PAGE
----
Don't let them fool you
THOUGHTS FROM A NON-ORTHODOX CANADIAN PARENT
Don't let them fool you -- the war against Christmas only appears to be in remission.
Attending my child's elementary school alleged Christmas concert was a dead tip-off to this subversive con. It's worse than the thin edge of the wedge, given our kids represent the future of all that's good, right and undeniably truthful.
But there they were, blissfully filing into the gym as if they'd been brainwashed into the subversive secular kinder-hood of season's greetings.
But my Yuledar was really aroused when I saw what they'd been forced to wear. There they were, adorned in the trappings of forest animals. Not a manger creature among them, not a sheep, donkey, goat nor cow.
Aside from the obvious snub to the immaculate delivery, everyone but their teachers know it's scientifically impossible for elk and moose to be loitering around Bethlehem.
Furthermore, those kids had tree-hugger Godlessness draped all over them. Now I don't want you to think I'm just some nattering nabob of nativity, but a sense of victimhood can only expect to be pushed so far before the tinsel flies.
I don't care if these anti-Christian antics were being perpetrated in a public school.
Give them that and they'll soon take the Catholics with them. Sure enough, as the proceedings regressed, familiar catchphrases known to rally the jihad against Christmas were heard.
"Gather around the holiday tree" and "celebrate the season," were uttered as their teachers, so treacherously, looked on in approval. That was almost enough to end peace on earth for me.
As it was, I'd already noticed in the school foyer books promoting Islam, Buddhism and Hinduism.
My child's educators didn't have the decency to remove the offending articles ahead of the Christmas concert, but I suppose if it's not really a "Christmas" show, it's par for the course.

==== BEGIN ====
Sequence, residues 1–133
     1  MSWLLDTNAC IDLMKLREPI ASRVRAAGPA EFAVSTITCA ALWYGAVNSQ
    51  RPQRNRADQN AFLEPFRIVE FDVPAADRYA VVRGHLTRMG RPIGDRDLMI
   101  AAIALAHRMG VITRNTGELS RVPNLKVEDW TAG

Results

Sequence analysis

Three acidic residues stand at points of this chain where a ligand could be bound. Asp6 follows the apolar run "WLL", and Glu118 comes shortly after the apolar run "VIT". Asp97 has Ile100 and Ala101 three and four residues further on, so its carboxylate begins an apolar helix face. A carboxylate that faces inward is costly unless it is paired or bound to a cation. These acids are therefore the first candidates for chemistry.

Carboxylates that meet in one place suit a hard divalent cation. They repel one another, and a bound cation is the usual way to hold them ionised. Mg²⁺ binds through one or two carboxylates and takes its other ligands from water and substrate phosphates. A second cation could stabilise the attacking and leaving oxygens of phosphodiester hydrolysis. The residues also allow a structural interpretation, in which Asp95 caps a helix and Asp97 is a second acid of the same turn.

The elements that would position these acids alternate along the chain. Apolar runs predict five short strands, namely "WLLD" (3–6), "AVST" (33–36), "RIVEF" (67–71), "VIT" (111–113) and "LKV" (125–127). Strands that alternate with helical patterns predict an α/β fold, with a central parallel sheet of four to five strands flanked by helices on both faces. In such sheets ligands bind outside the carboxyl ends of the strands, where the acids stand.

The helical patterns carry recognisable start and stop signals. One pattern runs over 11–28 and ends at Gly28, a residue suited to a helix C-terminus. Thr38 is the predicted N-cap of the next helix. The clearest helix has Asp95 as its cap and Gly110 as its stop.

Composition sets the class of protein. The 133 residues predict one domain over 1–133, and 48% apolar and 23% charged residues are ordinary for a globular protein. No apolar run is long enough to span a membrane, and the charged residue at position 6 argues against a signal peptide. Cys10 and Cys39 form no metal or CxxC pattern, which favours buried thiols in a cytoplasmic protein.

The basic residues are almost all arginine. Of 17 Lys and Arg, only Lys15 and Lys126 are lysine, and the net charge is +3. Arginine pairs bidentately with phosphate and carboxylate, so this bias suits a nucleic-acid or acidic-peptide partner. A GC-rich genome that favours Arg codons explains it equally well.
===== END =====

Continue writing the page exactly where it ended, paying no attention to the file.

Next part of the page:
Then it was time for the big hustle, to pull that fake snow over our eyes. Those kids on the stage began peppering their dialogue with the word "Christmas."
They even blasphemously intoned "merry Christmas everyone."
For me, it was too late and I wasn't about to be appeased by this shoddy bit of Potemkin piety.
But one thing was strange: There were plenty of clearly non-Christian types in the audience -- Muslim and Sikh parents who wouldn't wince or recoil at the sound of the blessed C-word.
They kept smiling and rolling the videocams as if they were getting down with Ramadan or Vaisakhi.
And a Muslim mom didn't bat an eye when I asked her what her family's doing for "Christmas."
Another one shot me a bewildered look when I wondered aloud how many non-Christians were in the audience and how an unholy snit hadn't ensued.
It was as if Christmas transcends religion, and it allowed me to feel victimized anew.
In a way, it was a relief. The sensation the virgin birth was being co-opted, reduced in that big melting pot of pseudo-Christmas pudding suddenly burned self-righteously.
We didn't have to worry about this kind of subterfuge when I attended elementary school 35 years ago, when every face was snow white.
I spoke to U of C religious studies guru Dr. Irving Hexham, who fears if Christmas is quashed, publicly celebrating things like Ramadan are just as doomed.
So far, I haven't heard of a Ramadan concert at my kid's school, just the alleged Christmas one.
But I wasn't born in a manger. Like the one against drugs, the war on Christmas'll never be over.
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